The architect’s 3D-modelling appears to transform a building which is at present quite pokey into something more befitting a world-renowned learning centre.

Yesterday’s announcement reveals a future plan which strikes me as so sensible I’m amazed no-one has thought of it before now: ‘acoustically treated bedrooms’.

Why fork out money to create additional practise rooms to meet demand of the college’s 840-strong student population, when a more valuable investment might be transforming some of the student’s living accommodation to make it multi-purpose?

I also really like the introduction of two additional performance spaces at the RCM, giving the public access to a greater number of concerts, recitals, masterclasses and rehearsals. As a classical music consumer the prospect of having greater access is something that really entices me – the opportunity to observe more talent-creation up-close.

The reality of music education is underlined by a fact printed in the RCM’s fundraising pack. “Over 50% of students benefit from financial support from an array of scholarships”. That surprises me a bit. It saddens me too, reminding me of the extent to which the higher music education (and music education as a whole) has been squeezed by austerity.

That the RCM are fundraising to support its investment in bursaries and scholarships demonstrates how difficult it is for future young UK talent to have their potential protected.

Read more about the Royal College of Music More Music Campaign. 

 

 

 

First Lady of China visits the Royal College of Music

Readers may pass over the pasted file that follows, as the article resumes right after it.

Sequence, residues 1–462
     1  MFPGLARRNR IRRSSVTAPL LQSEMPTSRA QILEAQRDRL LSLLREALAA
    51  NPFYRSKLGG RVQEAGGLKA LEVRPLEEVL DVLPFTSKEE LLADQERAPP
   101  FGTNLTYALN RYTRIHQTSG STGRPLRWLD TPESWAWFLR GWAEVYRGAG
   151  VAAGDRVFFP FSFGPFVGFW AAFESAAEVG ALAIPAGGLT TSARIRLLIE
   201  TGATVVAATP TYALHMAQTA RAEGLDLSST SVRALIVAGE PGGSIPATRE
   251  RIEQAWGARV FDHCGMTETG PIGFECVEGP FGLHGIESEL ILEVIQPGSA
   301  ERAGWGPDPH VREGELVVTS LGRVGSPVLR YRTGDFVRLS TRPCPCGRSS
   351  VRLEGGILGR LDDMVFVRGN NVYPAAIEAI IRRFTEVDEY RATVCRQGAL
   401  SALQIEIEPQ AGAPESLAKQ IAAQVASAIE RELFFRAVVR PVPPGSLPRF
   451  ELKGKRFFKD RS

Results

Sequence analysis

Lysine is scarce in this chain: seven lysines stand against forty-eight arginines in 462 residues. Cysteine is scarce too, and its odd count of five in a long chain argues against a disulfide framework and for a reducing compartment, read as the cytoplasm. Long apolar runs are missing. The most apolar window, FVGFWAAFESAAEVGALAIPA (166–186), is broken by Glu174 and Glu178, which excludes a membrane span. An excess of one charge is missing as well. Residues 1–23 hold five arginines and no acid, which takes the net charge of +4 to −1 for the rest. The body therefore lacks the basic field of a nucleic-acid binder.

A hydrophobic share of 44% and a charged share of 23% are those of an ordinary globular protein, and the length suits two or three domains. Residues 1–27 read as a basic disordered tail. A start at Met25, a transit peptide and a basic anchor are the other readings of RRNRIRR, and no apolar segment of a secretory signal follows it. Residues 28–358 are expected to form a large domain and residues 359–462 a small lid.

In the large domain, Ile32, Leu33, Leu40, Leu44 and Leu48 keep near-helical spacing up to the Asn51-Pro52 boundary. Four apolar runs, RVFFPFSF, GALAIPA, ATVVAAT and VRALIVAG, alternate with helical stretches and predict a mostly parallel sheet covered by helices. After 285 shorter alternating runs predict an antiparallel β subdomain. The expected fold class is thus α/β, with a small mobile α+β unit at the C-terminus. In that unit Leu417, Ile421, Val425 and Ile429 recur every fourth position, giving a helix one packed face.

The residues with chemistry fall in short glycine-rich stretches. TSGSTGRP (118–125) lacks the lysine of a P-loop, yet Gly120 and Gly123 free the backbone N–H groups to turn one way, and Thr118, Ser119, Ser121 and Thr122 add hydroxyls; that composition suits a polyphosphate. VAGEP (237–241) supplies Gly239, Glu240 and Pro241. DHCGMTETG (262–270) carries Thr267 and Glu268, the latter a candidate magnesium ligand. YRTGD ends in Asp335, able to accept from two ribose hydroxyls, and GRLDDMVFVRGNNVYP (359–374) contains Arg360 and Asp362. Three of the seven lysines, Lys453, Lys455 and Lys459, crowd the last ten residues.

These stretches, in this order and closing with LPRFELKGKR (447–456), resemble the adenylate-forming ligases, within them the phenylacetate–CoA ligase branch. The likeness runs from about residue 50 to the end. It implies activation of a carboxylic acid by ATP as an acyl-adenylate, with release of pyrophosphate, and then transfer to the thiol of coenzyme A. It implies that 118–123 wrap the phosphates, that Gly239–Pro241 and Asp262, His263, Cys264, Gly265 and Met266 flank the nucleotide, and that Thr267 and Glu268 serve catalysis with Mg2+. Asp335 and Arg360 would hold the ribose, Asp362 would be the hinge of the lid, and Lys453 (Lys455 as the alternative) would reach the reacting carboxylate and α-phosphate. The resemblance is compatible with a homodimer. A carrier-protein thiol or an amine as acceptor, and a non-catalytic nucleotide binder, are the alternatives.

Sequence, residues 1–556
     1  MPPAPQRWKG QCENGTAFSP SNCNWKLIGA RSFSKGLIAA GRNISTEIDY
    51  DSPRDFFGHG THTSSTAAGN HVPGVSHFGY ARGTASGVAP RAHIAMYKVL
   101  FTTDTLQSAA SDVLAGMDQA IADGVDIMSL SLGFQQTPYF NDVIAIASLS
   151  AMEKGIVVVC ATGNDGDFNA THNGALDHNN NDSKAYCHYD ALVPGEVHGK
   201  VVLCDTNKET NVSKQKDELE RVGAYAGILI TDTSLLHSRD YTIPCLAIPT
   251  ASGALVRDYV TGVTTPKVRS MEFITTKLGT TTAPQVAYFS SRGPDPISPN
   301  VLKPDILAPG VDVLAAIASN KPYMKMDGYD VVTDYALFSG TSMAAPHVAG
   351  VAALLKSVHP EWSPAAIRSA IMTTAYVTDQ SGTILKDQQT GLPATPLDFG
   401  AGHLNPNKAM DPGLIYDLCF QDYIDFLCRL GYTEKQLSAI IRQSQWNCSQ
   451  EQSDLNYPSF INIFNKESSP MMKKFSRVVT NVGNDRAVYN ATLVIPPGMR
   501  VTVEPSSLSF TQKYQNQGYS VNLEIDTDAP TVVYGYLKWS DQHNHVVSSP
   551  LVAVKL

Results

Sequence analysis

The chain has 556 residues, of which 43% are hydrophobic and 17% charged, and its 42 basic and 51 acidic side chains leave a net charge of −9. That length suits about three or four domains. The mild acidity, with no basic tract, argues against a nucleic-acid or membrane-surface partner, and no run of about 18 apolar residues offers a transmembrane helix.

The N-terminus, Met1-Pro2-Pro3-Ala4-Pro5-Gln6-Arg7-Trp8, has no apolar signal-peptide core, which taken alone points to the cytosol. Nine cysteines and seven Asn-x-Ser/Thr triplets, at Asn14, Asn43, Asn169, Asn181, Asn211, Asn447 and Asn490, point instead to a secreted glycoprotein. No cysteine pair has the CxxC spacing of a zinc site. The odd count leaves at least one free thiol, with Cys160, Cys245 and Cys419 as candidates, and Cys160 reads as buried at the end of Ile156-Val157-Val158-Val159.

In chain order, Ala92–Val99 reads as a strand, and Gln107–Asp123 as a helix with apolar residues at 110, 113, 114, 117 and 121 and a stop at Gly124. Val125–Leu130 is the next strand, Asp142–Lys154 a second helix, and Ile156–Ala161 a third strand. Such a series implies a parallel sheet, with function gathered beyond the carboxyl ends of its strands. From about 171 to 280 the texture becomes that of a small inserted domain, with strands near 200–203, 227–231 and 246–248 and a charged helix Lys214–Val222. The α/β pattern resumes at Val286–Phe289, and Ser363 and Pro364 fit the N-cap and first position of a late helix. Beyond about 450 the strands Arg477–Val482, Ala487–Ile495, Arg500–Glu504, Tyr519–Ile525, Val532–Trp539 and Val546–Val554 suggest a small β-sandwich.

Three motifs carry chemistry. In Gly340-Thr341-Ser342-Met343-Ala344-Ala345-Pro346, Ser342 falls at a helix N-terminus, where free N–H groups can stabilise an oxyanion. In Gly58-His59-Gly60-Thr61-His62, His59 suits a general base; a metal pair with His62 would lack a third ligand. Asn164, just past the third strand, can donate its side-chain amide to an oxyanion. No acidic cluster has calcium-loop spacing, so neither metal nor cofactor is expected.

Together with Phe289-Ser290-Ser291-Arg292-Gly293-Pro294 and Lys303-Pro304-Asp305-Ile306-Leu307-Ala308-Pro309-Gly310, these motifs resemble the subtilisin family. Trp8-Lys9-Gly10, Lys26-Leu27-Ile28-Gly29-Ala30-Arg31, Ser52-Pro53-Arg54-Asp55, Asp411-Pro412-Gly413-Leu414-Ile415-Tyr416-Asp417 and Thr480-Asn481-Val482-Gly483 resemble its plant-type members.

Today, the RCM played host to the First Lady of China, Madame Peng Liyuan who also happens to be a renowned singer of Chinese folk music. During her visit RCM students met and performed for the First Lady, including soprano Gemma Lois Summerfield (Kathleen Ferrier Award 2015) and pianist Martin James Bartlett (BBC Young Musician 2014). 

The RCM has developed partnerships with conservatoires across China and a strong connection with world-famous pianist, Lang Lang, who received an Honorary Doctorate in 2011. In addition, Professor Vanessa Latarche, Head of Keyboard at the RCM, is Vice Chairman of Lang Lang Music World – his school for gifted pianists in Shenzhen.

But the most surprising thing I discovered today (as a result of this visit) was the presentation the RCM made to the First Lady before she left the college:  a facsimile of the original manuscript of Mozart’s Piano Concerto in C Minor, K 491, housed at the RCM for over a century. I had no idea that the original manuscript to my most favourite concerto is just a twenty minute walk away from where I work in central London.

There are other items in the RCM’s special collection, it turns out.  Director’s Choice – an 80-page book detailing the items – includes portraits, manuscripts and historical instruments.

 

Proved: singing is relaxing